Tuesday, October 20, 2020

SciFi/Fantasy Book Review: The Fractured Void by Tim Pratt

Full Disclosure:  This book was read as an e-ARC (Advance Reader Copy) obtained via Netgalley from the publisher in advance of the book's release on November 3, 2020 in exchange for a potential review.  I give my word that this did not affect my review in any way - if I felt conflicted in any way, I would simply have declined to review the book.

The Fractured Void is a new space opera novel by author Tim Pratt, author of "The Axiom" trilogy which began with "The Wrong Stars" (which I reviewed here).  This book is actually a tie-in novel with Twilight Imperium, which is a (board) game that takes place in a space opera setting.  I have no experience with Twilight Imperium, but Pratt's original space opera trilogy featured two novels I really enjoyed and one that I thought was merely fine, melding a fascinating space opera world with good characters and some really great humor.  So I requested this book on Netgalley when I saw it immediately, because I was excited to see what Pratt would write next.

And The Fractured Void was pretty much exactly what I wanted.  Again, it features a very humorous take on space opera, with some really fun characters - both heroes and villains - and a plot that allows them to have a bunch of fun adventures from beginning to end.  It wraps things up in a satisfying fashion, while also providing a cliffhanger for a second book, so you can stop here if you want, but I won't because I enjoyed this a good amount.  As you might expect from a tie-in novel, there's nothing here that's truly mind-blowing or must-read, but if you want a fun space opera that will keep you entertained, this is absolutely a book for you.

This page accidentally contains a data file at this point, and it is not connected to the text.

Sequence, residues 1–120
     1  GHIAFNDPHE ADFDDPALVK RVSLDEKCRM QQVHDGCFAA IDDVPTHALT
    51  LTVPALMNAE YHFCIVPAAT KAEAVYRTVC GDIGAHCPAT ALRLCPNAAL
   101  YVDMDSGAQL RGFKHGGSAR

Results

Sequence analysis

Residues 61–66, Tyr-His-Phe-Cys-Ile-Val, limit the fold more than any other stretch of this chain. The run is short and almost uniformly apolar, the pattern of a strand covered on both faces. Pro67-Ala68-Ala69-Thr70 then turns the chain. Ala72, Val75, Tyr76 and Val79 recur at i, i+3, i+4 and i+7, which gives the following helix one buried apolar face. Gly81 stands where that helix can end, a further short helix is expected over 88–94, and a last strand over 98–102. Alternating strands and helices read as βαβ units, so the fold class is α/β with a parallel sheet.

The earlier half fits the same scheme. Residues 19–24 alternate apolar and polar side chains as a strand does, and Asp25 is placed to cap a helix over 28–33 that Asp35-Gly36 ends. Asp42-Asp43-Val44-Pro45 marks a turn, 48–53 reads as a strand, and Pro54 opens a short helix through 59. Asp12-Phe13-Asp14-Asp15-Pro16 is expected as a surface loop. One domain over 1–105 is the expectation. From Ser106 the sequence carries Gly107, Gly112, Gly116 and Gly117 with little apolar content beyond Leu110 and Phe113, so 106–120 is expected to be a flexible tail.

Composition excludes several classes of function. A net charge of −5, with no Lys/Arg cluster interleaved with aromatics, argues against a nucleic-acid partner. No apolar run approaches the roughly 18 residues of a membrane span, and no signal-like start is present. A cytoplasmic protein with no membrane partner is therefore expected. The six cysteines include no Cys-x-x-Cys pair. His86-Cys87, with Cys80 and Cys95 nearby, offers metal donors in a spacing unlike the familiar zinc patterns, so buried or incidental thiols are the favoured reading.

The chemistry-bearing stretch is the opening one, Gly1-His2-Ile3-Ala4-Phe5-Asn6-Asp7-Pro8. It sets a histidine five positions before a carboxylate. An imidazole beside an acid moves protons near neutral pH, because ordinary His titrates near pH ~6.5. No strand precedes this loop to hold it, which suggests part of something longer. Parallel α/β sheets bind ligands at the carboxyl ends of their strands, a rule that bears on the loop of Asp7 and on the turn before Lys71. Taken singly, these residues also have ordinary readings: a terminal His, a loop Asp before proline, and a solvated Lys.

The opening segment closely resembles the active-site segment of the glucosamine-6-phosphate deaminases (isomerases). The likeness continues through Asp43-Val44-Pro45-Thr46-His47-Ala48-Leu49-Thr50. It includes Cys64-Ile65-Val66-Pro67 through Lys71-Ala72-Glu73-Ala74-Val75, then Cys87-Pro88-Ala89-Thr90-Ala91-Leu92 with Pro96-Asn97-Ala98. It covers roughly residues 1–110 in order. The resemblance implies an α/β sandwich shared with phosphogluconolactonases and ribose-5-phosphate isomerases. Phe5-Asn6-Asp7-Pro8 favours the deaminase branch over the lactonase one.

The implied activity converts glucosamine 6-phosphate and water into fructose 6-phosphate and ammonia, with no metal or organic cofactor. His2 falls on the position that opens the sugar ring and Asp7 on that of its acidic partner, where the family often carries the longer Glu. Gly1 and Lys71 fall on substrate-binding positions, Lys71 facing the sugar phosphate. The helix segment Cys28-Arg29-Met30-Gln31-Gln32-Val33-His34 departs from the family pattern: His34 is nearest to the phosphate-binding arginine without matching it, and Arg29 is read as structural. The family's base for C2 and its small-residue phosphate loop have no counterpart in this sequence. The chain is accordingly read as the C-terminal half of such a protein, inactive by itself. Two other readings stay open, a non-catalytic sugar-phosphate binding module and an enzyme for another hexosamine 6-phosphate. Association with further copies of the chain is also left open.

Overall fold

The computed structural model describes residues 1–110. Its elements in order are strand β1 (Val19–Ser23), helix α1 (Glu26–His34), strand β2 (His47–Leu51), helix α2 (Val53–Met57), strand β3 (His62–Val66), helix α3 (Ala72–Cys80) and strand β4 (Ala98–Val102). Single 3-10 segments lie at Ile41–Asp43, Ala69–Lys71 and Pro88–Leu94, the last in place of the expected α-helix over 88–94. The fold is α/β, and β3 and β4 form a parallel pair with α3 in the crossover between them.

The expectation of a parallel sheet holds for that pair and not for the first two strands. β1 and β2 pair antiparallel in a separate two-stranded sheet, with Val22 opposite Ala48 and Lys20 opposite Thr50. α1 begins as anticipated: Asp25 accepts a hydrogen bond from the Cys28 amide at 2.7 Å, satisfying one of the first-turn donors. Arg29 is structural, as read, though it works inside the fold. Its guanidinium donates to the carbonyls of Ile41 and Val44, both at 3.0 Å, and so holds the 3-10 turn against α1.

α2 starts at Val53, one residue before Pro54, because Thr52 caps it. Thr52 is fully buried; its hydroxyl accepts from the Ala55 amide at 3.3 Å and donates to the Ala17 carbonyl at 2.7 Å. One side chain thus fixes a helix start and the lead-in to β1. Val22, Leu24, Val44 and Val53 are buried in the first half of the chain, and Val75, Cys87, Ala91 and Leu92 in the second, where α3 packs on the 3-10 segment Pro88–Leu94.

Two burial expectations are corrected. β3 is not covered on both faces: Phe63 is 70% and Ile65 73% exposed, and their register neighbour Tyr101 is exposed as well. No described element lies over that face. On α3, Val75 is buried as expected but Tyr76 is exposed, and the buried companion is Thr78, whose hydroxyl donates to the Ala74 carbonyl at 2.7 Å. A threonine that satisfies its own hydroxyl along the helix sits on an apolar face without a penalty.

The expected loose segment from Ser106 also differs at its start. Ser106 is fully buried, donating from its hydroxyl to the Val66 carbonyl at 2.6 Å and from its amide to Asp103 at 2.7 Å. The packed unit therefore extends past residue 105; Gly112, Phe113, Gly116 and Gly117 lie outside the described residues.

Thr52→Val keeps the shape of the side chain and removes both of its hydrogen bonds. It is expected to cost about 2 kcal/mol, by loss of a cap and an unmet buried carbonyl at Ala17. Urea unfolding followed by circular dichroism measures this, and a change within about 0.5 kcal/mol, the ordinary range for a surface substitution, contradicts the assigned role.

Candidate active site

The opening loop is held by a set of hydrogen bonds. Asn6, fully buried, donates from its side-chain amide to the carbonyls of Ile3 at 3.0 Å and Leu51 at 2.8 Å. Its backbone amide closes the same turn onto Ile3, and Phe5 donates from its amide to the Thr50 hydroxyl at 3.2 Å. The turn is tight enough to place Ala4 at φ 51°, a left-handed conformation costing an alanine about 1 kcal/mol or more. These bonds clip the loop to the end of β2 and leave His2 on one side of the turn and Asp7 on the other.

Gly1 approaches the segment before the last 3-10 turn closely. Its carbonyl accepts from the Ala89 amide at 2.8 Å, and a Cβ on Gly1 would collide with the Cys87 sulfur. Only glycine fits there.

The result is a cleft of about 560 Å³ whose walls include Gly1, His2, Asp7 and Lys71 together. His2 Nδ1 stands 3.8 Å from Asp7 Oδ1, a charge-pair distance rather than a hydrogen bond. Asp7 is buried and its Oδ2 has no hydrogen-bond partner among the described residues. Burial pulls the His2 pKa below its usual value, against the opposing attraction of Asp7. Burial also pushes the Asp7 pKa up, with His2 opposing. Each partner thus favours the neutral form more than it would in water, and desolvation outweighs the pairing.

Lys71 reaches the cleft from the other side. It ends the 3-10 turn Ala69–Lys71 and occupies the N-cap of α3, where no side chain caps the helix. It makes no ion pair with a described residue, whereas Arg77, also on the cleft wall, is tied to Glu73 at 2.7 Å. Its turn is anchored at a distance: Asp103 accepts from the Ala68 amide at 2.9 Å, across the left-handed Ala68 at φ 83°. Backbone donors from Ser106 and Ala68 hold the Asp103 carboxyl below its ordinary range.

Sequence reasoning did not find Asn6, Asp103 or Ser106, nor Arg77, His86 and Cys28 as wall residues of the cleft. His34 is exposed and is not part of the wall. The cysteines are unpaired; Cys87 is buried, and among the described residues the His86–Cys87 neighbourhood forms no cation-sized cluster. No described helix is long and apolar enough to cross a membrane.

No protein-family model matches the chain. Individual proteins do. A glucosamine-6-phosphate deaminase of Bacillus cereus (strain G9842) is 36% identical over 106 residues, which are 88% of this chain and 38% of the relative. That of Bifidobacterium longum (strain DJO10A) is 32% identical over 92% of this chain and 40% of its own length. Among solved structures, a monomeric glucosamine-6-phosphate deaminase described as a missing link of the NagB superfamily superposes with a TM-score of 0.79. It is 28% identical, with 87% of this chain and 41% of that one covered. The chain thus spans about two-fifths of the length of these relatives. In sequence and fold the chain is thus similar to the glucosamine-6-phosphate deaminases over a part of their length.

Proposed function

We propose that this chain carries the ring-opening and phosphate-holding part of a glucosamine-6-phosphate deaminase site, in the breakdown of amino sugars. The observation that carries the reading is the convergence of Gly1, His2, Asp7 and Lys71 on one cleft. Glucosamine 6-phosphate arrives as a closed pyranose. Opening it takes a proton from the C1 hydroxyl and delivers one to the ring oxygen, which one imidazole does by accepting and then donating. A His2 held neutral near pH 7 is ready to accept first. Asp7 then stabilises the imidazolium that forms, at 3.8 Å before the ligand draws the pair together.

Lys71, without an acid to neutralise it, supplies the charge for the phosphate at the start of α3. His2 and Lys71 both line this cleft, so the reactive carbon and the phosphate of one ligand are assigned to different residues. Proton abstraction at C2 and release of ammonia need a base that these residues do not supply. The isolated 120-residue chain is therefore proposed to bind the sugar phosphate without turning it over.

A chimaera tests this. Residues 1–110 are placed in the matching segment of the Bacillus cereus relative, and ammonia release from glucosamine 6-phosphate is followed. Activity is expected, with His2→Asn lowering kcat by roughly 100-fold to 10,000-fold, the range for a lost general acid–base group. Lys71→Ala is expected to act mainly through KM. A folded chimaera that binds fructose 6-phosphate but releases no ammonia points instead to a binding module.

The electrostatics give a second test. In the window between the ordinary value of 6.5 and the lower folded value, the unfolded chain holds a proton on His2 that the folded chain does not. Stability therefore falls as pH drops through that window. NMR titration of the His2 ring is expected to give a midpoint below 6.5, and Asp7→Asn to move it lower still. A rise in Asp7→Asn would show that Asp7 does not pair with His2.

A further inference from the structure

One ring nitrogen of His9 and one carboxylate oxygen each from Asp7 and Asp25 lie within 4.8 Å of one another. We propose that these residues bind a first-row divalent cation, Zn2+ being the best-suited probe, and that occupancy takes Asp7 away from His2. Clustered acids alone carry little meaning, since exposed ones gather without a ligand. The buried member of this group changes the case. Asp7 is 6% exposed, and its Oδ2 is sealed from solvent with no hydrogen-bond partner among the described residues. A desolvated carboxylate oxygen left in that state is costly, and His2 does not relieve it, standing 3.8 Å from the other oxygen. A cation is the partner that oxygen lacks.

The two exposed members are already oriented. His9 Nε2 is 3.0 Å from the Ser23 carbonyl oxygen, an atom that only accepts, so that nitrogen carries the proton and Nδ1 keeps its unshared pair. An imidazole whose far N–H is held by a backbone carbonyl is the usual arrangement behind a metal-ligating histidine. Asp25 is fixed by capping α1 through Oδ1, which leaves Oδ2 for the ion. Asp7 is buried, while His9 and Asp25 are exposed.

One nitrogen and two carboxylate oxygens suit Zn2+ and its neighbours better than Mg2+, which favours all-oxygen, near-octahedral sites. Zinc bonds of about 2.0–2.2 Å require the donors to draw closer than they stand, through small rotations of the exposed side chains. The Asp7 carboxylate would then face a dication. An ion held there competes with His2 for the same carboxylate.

---------------------------------------------------Plot Summary--------------------------------------------------------
Felix is a Human captain of a legitimate cruiser in the Mentak Coalition - a multi-species group of former prisoners who now are a military force of pirates and privateers.  Of course, the action he pulled that earned him his captaincy also involved him disobeying orders, so as a result his superiors both awarded him with the captaincy and the ship but also punished him by assigning him to patrol a backwater area of space, where nothing....ever.....happens.  And so Felix months later is absolutely bored, with no one but his best friend Tib (a Yssaril with the ability to turn invisible) and Calred, his Hacan security officer along with him.  

But when a last second shift in Felix's patrol leads to them to discover a group of privateers, obviously working for the Federation of Sol, trying to abduct a random scientist from one of his patrol worlds, well Felix gets the adventure he was looking for.  Unfortunately, that adventure comes with an insanely annoying scientist with an ego the size of a planet, whose research just might make him too useful to simply get rid of.  Add in two foreign forces who are desperate to get that scientist and his research back, and suddenly Felix, Tib, and Calred have their hands full, traveling around various worlds on a mission to reshape the galaxy.....well, maybe.